This post is from the CollabNet VersionOne blog and has not been updated since the original publish date.
But what about the testers?
I spent last week at Agilepalooza in Minneapolis. What a great event! We talked about Agile development processes and Agile mindsets. We learned about Dude’s Law from David Hussman, and why we need to concentrate on the actual product and not just how Agile we were in developing it from Jeff Patton. I personally was very heartened to see how the emphasis on “doing it by the book” is starting to really decrease.
At the end of the day, I was lucky enough to sit on a panel with David, Jeff, Joel Tosi, and Mike Nygard. We would answer various questions from the audience, and basically just talk about agile software development. One thing that really struck me was how many questions boiled down to “how do we manage the QA phase” or “the developers code till the end of the iteration, then the testers have to work late to make sure a story is *done* before the end of the iteration”. This really struck a chord with me. When did testing become a second tier activity? In Scrum, Extreme Programming, or any agile development project, we always think of the whole team, which includes testers, programmers, and pretty much anyone else who might be a part of the whole effort to get great software delivered. So how can we change the attitude about testing? What can we do to keep the testing members engaged throughout the process, and feeling like the vital members of the team that they are?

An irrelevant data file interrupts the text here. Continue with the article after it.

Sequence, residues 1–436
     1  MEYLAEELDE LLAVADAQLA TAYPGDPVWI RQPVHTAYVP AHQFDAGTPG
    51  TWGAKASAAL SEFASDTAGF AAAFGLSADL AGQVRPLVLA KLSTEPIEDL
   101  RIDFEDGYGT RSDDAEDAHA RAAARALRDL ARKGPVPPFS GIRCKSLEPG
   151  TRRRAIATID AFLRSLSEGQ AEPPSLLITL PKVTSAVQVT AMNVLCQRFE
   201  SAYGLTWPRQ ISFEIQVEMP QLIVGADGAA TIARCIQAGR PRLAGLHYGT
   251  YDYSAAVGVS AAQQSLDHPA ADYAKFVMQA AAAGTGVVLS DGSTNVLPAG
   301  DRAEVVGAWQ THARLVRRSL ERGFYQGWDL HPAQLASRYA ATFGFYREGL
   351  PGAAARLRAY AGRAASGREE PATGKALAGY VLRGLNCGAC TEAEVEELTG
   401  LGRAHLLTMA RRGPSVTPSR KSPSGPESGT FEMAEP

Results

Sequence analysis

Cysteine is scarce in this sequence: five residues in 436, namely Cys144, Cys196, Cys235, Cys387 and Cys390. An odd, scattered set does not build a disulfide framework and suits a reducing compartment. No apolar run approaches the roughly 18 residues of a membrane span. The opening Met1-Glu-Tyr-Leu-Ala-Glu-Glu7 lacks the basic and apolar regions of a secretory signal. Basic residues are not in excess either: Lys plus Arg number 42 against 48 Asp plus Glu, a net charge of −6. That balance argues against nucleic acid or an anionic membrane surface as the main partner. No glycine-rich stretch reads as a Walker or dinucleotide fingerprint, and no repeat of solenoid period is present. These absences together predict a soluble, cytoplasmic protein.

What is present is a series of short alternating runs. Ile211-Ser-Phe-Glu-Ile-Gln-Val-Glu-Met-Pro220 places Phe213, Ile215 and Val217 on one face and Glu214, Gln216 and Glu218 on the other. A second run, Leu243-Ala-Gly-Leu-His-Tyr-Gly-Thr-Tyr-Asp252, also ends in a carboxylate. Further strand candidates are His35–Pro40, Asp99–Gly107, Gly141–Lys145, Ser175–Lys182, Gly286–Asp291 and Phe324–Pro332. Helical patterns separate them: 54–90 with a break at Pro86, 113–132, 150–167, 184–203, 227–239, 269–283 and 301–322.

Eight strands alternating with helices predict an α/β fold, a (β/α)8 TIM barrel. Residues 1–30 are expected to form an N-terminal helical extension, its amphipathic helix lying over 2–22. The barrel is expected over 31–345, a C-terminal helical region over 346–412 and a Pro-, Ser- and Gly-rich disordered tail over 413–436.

I have a couple of suggestions, but would love to hear about others. My first thought is the most basic. Let’s get rid of the designations like developer, or engineer, and make everyone a team member. Next, let’s make sure that testing activities are part of the everyday life of the whole team. And my most heartfelt desire: check in testable code early and often. It really can’t wait until the last two days of the sprint. Not only will we have a happier family and a more well tested product, we may find that such early checking in will inspire better design and a higher level of craftsmanship all around.